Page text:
dominance and compromised the quality of ovarian follicles. Cows with access to shade

had larger dominant follicles with more fluid than unshaded cows. Perhaps, less

dominant follicles result in the ovulation of a more persistent or aged follicle which has

an oocyte of lowered quality. Persistent dominant follicles have resulted in reduced

pregnancy rates in several studies (Savio et al., 1993b; Wehrman et al., 1993; Xu et al.,

1996). Wolfenson et al. (1995) observed that heat stress impairs follicle development by

hastening the decrease in size of the first-wave dominant follicle, as well as the

emergence of the second dominant (preovulatory) follicle, suggesting that heat stress

caused persistence of the dominant follicle and reduced quality oocytes.

Detrimental Effects of Elevated Temperatures on Preimplantation Embryos

The early embryo is very susceptible to elevated temperature. As compared to

embryos exposed to 38 C, exposure of fertilized 1-cell rabbit embryos to 40 C increased

postimplantation embryonic mortality after transfer to pseudopregnant females (Alliston

et al., 1965). Exposure to elevated temperature has also been reported to reduce viability

and subsequent development of cultured embryos in mice (Gwazdauskas et al., 1992;

Ar6chiga et al., 1994; Ealy and Hansen, 1994) and cattle (Ealy et al., 1992; Ealy et al.,

1995; Edwards and Hansen, 1997).

Embryonic sensitivity to heat shock decreases as embryonic development

progresses (Dutt, 1963; Tompkins et al., 1967; Ealy et al., 1993; Table 2-3). This is true

for cattle as well as for some other species. Dunlap and Vincent (1971) observed that

exposure of cows to 32 C for 72 h immediately following breeding reduced pregnancy

rate. Similarly, Putney et al. (1988a) found that the percent of normal embryos recovered

from superovulated heifers that were heat-stressed from day 1 to 7 post insemination was

lower than for animals maintained in a thermoneutral environment (20.7 % vs 51.5 %).

Ealy et al. (1993) found that maternal stress had more detrimental effects on embryonic

development when the stress occurred on day-1 post estrus than at later times (Table 2-3).

Acquisition of thermoresistance as embryos progress in development has also been

demonstrated with cultured embryos. Exposure of bovine embryos to a heat shock of 41

C for 3 h reduced development to blastocyst in 2-cell embryos but not in morulae (Ealy

et al., 1995). Similarly, exposure of embryos to a heat shock of 41 C for 12 h severely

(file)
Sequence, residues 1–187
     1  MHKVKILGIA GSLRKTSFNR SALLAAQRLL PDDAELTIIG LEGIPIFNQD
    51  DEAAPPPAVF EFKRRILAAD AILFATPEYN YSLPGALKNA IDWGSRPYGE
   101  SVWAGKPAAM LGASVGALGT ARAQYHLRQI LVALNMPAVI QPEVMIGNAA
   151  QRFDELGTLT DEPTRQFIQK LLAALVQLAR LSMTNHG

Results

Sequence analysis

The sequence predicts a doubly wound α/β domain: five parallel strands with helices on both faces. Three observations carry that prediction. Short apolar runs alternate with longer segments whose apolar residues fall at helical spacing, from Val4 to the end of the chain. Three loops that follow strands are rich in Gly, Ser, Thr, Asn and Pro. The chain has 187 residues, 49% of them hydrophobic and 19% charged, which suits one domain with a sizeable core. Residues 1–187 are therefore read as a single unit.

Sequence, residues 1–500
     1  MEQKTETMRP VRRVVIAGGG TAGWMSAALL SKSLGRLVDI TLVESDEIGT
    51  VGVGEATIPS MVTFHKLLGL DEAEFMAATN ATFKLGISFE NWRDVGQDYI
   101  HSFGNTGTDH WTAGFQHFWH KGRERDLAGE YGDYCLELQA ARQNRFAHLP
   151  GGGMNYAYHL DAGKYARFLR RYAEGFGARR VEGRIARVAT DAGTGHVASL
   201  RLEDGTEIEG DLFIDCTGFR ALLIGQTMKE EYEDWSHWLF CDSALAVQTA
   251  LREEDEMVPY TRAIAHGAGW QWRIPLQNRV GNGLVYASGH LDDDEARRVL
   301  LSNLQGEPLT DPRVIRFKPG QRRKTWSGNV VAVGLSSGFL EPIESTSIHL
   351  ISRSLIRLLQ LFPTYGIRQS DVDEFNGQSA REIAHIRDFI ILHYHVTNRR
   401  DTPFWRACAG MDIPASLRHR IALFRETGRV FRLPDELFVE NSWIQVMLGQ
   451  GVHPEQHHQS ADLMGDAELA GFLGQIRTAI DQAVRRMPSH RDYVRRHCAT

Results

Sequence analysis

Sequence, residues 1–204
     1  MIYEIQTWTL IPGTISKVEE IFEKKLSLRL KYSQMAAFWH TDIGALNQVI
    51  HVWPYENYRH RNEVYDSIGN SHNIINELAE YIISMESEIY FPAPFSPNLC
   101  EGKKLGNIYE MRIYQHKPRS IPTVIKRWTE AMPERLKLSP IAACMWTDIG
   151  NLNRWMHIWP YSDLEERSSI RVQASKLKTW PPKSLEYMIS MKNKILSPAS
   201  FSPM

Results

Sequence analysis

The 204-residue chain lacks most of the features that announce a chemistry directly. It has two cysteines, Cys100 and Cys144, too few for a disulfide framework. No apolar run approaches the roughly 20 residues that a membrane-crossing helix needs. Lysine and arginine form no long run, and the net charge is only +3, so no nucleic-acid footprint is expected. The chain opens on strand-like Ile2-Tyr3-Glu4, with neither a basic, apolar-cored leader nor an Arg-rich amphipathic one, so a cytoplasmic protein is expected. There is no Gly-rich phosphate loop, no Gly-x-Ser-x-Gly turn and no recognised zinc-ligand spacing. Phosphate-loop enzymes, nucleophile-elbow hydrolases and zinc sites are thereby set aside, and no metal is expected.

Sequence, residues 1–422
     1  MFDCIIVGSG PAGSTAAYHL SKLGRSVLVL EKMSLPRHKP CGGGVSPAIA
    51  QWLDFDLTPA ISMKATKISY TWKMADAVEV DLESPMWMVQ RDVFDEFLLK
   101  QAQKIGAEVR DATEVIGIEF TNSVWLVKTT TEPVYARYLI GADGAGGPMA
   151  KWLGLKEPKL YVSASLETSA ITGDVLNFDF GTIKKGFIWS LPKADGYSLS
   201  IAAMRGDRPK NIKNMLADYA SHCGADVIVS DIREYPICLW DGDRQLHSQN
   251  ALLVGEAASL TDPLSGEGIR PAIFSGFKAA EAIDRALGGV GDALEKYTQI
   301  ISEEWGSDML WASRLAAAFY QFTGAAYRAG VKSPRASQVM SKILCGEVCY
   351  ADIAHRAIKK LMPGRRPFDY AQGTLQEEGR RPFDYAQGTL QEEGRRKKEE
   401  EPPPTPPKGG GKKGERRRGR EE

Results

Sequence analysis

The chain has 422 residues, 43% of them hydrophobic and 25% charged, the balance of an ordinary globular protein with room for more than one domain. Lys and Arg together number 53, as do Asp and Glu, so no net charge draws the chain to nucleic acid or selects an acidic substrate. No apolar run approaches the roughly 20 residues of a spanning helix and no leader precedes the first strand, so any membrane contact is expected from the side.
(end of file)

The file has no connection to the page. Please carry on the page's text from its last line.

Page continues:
reduced development to the blastocyst stage compared to controls (39 C), for 2-cell

embryos (0 vs 26%), less severe for 4- to 8-cell stage embryos (10% vs 25%) and no

effect for morulae (42% vs 37%) (Edwards and Hansen, 1997).

TABLE 2-3. Effect of maternal heat stress at different stages of pregnancy on
embryonic survival of preimplantation embryos from different species!
Temperature Day of Embryonic
Species treatment (C) pregnancy viability (%) Reference













Cattle control
heat stress
heat stress
heat stress
heat stress
aAdapted from Monterroso (1995).

Dutt, 1963

Tompkins et al., 1967

Ealy et al., 1993


Ealy et al. (1993) suggested that embryos acquire increase thermoresistance after

day 1 or 2 after fertilization. Therefore, embryos transferred to recipients at day 7-8

would have higher thermoresistance than earlier stage embryos, and pregnancy rates to

embryo transfer in summer might be higher than pregnancy rates to AL. Indeed this has

been observed in cows provided with fresh but not frozen/thawed embryos (Putney et al.,

1989a; Drost et al., 1994; Ambrose et al., 1988). Moreover, the reproductive function of

embryo-transfer donors and recipient cows was not affected by seasonal variation in

commercial embryo transfer unit (Putney et al., 1988d).

Given the fact that heat stress seems to exert its greatest effect in early pregnancy;

it would be expected that providing cooling during early pregnancy would increase

pregnancy rate during periods of heat stress. Such concept has been called strategic

cooling (Hansen et al., 1997). In fact, cooling cows around the time of estrus and after

insemination increased pregnancy in some studies while having no effect in another

(Table 2-4).

Detrimental Effects of Heat Stress on Luteal Function

Severe heat stress may compromise pregnancy at more advanced stages of

gestation. In one study, heat stress from d 8 to 16 of pregnancy caused a reduction in

conceptus size and luteal tissue weights (Biggers et al., 1987). Perhaps, retardation of

embryonic growth as a consequence of elevated temperature compromises the ability of